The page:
Tuesday, October 31, 2017

The Fear is Real!

October scares the be jeepers out of me!  Like an army of zombies in search of a brain this month marches on assailing us with constant reminders of all things scary.

 Huge, unstoppable NFL players wearing pink armbands to highlight the terror of breast cancer, front yards adorned with all sorts of fright inducing lawn ornaments from bleach white skeletons to blood stained machetes attacking our senses as we drive down the street, temperatures that steadily decrease, occasionally teasing us with warm days, then plummeting to death cold nights never letting us forget that a long, cold winter is blowing our way (at least if you live in New England). 
 For me October is a reminder that life is short and death is near.    My favorite day of the year is November 1, the day when we can begin celebrating the “good” fall holidays.

                It probably won’t surprise you to learn that I was one of THOSE Parents, the ones in the 90’s who forbade their children from trick or treating, refusing to acknowledge Halloween as a legitimate fall holiday.  To be fair we improvised with some fun substitutions: Chuck E. Cheese, going to the movies, bowling and my personal favorite, a portrait session at Sears for our family Christmas photo! 

 What I have come to admit, now that my children are grown,  is that I boycotted Halloween not only because of my religious convictions but also because I just don’t like to be scared!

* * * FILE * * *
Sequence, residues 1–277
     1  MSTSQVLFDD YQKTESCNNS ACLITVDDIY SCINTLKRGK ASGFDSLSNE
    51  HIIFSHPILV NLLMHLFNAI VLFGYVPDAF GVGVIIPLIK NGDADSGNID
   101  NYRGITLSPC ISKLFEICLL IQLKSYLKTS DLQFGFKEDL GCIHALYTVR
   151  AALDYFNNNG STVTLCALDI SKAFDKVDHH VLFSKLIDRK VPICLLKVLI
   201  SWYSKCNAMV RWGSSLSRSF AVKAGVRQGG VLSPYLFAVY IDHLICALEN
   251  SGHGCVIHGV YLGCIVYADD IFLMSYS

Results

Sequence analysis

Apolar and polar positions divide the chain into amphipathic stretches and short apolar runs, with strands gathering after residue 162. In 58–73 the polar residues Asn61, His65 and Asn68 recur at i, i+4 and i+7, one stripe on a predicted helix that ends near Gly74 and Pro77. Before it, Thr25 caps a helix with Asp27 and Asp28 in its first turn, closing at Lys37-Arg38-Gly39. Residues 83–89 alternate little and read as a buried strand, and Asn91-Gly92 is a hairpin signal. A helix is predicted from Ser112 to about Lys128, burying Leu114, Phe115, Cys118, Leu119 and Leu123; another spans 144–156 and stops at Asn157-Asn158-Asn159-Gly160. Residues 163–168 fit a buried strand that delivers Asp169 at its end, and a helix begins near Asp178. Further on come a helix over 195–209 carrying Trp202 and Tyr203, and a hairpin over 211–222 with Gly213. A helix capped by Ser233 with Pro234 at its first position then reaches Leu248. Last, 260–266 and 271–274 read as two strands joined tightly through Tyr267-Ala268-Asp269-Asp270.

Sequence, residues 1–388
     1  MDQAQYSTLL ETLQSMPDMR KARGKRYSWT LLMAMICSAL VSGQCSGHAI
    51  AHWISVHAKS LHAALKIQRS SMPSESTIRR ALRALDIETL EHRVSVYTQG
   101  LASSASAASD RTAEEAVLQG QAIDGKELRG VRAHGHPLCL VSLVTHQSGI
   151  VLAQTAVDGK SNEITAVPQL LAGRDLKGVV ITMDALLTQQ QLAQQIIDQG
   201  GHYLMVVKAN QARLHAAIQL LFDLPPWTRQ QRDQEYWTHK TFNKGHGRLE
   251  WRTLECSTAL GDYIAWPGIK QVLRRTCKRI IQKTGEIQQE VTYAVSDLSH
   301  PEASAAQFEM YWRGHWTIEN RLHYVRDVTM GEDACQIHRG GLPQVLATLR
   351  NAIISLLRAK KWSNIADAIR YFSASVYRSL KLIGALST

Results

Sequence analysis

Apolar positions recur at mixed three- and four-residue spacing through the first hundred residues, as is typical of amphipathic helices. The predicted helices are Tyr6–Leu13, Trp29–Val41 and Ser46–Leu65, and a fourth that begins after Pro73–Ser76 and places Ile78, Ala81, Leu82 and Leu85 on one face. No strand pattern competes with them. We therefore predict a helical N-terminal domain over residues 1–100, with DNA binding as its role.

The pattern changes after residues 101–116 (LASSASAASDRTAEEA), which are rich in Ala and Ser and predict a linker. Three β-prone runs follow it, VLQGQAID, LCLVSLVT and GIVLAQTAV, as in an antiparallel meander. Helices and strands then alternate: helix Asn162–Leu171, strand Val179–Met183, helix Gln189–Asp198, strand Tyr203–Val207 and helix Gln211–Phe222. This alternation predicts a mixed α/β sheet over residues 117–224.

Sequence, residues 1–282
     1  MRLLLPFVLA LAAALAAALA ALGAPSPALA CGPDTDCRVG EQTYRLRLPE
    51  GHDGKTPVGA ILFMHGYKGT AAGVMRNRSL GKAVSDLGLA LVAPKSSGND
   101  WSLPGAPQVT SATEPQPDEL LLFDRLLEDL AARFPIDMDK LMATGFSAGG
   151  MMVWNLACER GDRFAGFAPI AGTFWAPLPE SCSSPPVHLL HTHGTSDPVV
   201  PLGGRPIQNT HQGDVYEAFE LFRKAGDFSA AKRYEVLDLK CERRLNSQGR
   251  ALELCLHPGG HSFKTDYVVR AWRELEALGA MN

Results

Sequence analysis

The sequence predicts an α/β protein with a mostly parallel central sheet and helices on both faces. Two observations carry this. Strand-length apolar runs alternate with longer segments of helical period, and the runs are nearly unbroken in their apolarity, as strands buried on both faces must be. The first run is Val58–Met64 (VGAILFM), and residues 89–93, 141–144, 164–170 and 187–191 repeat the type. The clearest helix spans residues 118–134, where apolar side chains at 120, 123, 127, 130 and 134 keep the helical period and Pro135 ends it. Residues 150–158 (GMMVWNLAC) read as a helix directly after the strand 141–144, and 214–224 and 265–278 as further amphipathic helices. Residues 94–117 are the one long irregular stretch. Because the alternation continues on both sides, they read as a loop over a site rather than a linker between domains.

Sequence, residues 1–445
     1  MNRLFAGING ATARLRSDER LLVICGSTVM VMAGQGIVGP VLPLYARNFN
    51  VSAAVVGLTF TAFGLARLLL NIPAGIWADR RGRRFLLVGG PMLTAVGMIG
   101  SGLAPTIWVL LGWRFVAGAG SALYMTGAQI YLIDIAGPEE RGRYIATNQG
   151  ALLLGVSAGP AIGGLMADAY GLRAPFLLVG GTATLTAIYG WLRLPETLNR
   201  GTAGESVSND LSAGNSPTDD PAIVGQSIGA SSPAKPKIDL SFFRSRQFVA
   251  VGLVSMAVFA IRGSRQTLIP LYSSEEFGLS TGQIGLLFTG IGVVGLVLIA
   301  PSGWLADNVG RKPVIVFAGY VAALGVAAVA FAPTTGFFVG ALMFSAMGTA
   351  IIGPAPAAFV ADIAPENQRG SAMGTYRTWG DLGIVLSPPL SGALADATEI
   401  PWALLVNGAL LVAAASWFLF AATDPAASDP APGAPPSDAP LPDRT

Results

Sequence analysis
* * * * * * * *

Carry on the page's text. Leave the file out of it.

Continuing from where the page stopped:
Why do people like to be scared?!   What thrill comes from monsters and ghouls jumping at you leaving you quaking in your boots?     Why do people pay money to scream in fright?
Entrepreneur Jacob Eugster, the creator of  Screamin’ Acres in Wisconsin, gleefully pays off his college education from the profits of folks’ fascination with fear.   I just didn’t get it so I went searching for answers.  It seems that Dr. Margee Kerr, an expert in the science of fear, in her article  A Fondness for fear offers a  convincing explanation.    
“To really enjoy a scary situation, we have to know we're in a safe environment.”

“As soon as we realize that we’re not in fact going to die we can enjoy the arousal response — that's when fear can be fun. You’re in the moment, and afterwards you feel like you overcame a challenge, so you feel more confident about the real, not ‘scary fun’ threats that await you in the future. It feels like a sense of accomplishment, like running a marathon or rock climbing.”

Children fearlessly stride up a walkway lined with skeletons and bloody corpses safely escorted by parents they fully believe will protect them.

Teenagers enter a dark, cavernous unknown house of horrors guarded by stitch faced monsters and wicked witches because their brains assure them “it isn’t real”!  The scare is real but the consequences are harmless.

But what about every day fear?  The kind we can't control.